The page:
I just had a terrific evening at the movies with my daughter. We saw the hugely entertaining remake of The Karate Kid and have seldom had as much fun at the movies. I was filled with nostalgia and wasn’t disappointed – it’s better than the Ralph Macchio/Pat Morita classic. She just loves anything Ninja-like.
The plot closely follows the original. Boy gets beat up by bullies. Boy gets help from a Yoda-like master and then faces the head bully in a tournament. Along the way, boy meets nice girl. It’s all formulaic and nothing unexpected happens.
But I walked out thinking, “Wow, you really know a movie like this is working when you can’t wait to see all the things you know are going to happen happen.” We were smiling ear to ear as we left the theater. Imagine my surprise when I got home and read people bashing it all over the Internet.
So I thought I’d devote my review to commenting on the negative criticisms and then offer my three best reasons to go see it.
One complaint is that the movie is too long — and maybe it is. Two hours and 20 minutes is too long for almost any movie, and it does spend too much time establishing Dre Parker (Jaden Smith) as a “fish out of water” after moving to Beijing with his mom. Basically, he gets tormented by bullies a time or two more than necessary. But I never glanced at my watch. Not even once.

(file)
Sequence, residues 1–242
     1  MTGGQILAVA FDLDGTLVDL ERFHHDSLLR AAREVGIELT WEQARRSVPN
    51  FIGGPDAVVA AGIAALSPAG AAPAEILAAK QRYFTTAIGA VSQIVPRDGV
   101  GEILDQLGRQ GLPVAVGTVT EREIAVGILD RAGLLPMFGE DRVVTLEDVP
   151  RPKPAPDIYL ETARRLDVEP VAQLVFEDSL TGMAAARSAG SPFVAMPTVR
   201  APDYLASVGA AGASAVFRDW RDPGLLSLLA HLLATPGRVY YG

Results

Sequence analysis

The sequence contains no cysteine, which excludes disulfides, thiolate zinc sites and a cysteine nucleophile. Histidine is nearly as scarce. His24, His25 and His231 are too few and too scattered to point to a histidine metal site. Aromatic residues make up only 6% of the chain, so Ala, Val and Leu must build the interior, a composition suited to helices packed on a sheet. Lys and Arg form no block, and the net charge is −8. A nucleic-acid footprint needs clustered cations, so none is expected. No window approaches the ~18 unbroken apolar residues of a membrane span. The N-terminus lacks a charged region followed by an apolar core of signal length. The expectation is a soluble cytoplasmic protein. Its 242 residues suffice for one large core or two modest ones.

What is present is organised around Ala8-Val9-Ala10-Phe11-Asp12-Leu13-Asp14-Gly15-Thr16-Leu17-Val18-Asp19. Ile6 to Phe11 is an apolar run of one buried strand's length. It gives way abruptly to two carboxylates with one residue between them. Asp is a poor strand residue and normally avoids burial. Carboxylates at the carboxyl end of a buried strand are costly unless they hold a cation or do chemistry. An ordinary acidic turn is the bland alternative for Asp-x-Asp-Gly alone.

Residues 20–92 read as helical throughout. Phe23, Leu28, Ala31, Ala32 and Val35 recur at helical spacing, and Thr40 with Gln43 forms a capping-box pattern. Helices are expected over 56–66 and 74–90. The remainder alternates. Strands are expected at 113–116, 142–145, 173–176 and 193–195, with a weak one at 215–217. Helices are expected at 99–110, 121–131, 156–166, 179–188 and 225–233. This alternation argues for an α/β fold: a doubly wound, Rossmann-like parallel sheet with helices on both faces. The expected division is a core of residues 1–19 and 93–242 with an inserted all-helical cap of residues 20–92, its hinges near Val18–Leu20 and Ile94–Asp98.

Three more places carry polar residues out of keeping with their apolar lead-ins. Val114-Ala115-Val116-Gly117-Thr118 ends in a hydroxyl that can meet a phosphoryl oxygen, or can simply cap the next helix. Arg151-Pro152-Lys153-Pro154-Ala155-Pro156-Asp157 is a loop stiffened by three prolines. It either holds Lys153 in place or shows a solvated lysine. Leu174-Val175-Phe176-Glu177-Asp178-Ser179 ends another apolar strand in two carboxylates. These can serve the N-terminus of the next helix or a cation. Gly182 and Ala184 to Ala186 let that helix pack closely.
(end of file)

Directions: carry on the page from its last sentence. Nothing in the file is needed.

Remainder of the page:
Many have whined that the movie shows zero understanding of martial arts by keeping the title Karate Kid when it has nothing to do with karate. “Why didn’t they name it The Kung Fu Kid?" they say. Well, once again they have a point, but how many people know karate from kung fu – or even care – anyway?
Then the most vehement complaint: Will Smith’s little kid is annoying. On this point, I couldn’t disagree more. I – and my daughter – found Jaden to be very charismatic, a star in the making. He has a terrific screen presence, a natural way of holding a scene together, and the camera loves him. He’s great.
And now for my top three reasons to see the movie:
Setting the story in China was inspired. It gives the movie the quality of a gorgeous travelogue, a guided tour of one of the most beautiful countries on Earth. From the Forbidden City to the Great Wall to a train trip and precipitous climb up to a mountain monastery, the settings are always an eyeful.
The movie also takes its time and very nicely and sensitively developments the romantic relationship between Dre and a young violinist named Meiying. Often these romantic subplots feel shoehorned in, but this felt natural and lovely, just as young love should.
And, of course, the best reason to see this Karate Kid is Jackie Chan. This may be the role of a lifetime for him. His character is funny and sad and filled with opportunities for him to show a range he’s seldom shown before. It’s a career culmination that just may earn him an Oscar nomination for supporting actor. I have my fingers crossed.
I also scored a personal victory with my daughter. She enjoyed The Karate Kid so much that I finally got her to sit down and watch my favorite old-school kung fu movie, The 36th Chamber of Shaolin. I think it went well, although she did find it a bit cheesy.